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ERIC Number: EJ787783
Record Type: Journal
Publication Date: 2003
Pages: 18
Abstractor: ERIC
Reference Count: 0
ISSN: ISSN-0161-6463
"In the Old Language": A Glossary of Ojibwe Words, Phrases, and Sentences in Louise Erdrich's Novels
Beidler, Peter G.
American Indian Culture and Research Journal, v27 n3 p53-70 2003
It is known that for Louise Erdrich the "old language" is Ojibwe, sometimes called Anishinaabe or Ojibwemowin, a language that is still spoken, but that, like most Native American languages, is losing ground to English or, more rarely, Spanish. Erdrich has been learning the Ojibwe language for some years, and she is increasingly macaronic in her fiction--that is, she increasingly uses Ojibwe words, phrases, and even sentences, intermixed with and juxtaposed against English. Often Erdrich's use of the scattered Ojibwe words and phrases is straightforward enough. Although Erdrich sometimes seems not so concerned that all readers understand precisely the Ojibwe words and phrases that she uses, the author feels that there is a need for a glossary. In this article, the author presents a glossary in order to help the readers of Erdrich's novels understand her Ojibwe words, phrases, and sentences. The glossary lists the words and phrases that Erdrich uses in her novels published through the year 2003, excluding "The Birchbark House," a juvenile novel. In creating this glossary, the author hopes to stimulate an interest in the old language among Erdrich's many non-Indian readers and thus help to encourage further study of it. (Contains 19 notes.)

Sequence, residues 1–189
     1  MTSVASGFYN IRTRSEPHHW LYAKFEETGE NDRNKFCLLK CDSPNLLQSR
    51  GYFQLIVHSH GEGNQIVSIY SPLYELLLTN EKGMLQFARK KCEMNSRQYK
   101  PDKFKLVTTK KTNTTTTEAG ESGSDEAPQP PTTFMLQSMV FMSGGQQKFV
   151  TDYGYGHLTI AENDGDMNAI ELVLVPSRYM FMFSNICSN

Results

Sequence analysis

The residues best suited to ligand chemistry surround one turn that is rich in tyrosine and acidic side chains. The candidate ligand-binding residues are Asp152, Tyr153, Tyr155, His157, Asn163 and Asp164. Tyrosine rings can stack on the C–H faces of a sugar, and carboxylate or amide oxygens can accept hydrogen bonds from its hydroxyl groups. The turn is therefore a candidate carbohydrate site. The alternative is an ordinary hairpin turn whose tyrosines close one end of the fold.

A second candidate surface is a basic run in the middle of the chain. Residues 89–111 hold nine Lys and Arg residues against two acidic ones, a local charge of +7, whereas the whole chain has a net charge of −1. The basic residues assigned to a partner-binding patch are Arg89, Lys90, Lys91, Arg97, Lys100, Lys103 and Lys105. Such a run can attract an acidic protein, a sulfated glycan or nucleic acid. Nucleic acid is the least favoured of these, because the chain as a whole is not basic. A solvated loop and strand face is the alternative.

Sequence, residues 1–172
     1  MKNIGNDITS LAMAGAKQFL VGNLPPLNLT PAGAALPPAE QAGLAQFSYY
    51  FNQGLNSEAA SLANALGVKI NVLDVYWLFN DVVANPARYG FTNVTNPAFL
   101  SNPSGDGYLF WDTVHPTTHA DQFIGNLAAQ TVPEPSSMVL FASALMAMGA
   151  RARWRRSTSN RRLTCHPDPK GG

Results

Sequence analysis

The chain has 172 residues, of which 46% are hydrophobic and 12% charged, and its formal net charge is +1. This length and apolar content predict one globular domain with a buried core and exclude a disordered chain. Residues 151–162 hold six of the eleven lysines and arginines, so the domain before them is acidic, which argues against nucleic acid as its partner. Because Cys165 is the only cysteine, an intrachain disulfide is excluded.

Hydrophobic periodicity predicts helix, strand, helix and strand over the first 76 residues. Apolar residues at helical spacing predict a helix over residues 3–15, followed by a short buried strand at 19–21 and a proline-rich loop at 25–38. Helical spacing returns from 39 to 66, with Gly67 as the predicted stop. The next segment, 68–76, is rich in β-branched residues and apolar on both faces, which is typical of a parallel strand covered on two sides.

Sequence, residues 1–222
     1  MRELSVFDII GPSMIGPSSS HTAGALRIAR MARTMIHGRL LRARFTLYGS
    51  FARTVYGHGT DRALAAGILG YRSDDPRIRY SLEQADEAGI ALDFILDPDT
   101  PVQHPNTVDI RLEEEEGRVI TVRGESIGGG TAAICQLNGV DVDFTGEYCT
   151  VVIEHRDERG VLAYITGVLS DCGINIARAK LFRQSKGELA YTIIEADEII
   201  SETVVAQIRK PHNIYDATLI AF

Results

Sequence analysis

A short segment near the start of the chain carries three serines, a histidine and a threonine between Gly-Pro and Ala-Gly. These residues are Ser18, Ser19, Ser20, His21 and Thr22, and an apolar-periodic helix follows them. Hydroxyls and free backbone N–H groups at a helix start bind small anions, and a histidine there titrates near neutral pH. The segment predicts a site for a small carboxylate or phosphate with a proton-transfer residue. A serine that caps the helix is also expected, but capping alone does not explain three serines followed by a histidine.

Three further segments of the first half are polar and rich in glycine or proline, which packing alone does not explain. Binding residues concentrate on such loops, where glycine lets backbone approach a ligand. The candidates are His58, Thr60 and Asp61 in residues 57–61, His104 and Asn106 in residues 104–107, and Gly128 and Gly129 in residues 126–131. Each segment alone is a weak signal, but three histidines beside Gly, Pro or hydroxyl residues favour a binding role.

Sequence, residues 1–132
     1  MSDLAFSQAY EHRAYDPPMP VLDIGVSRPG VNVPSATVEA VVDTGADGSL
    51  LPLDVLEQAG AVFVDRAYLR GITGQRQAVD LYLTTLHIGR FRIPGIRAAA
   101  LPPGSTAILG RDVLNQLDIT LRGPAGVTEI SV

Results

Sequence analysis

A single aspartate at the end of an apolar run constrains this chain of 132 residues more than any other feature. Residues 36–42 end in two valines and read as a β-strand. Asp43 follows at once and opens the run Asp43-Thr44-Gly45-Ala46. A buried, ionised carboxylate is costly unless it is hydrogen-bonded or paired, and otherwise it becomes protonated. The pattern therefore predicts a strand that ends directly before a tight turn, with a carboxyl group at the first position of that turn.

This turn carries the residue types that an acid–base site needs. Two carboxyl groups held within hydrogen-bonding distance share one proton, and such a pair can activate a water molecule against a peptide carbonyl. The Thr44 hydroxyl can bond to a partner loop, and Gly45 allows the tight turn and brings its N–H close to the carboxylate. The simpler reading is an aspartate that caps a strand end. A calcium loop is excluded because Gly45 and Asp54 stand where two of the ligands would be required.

American Indian Studies Center at UCLA. 3220 Campbell Hall, Box 951548, Los Angeles, CA 90095-1548. Tel: 310-825-7315; Fax: 310-206-7060; e-mail:; Web site:
Publication Type: Journal Articles; Reports - Descriptive
Education Level: N/A
Audience: N/A
Language: English
Sponsor: N/A
Authoring Institution: N/A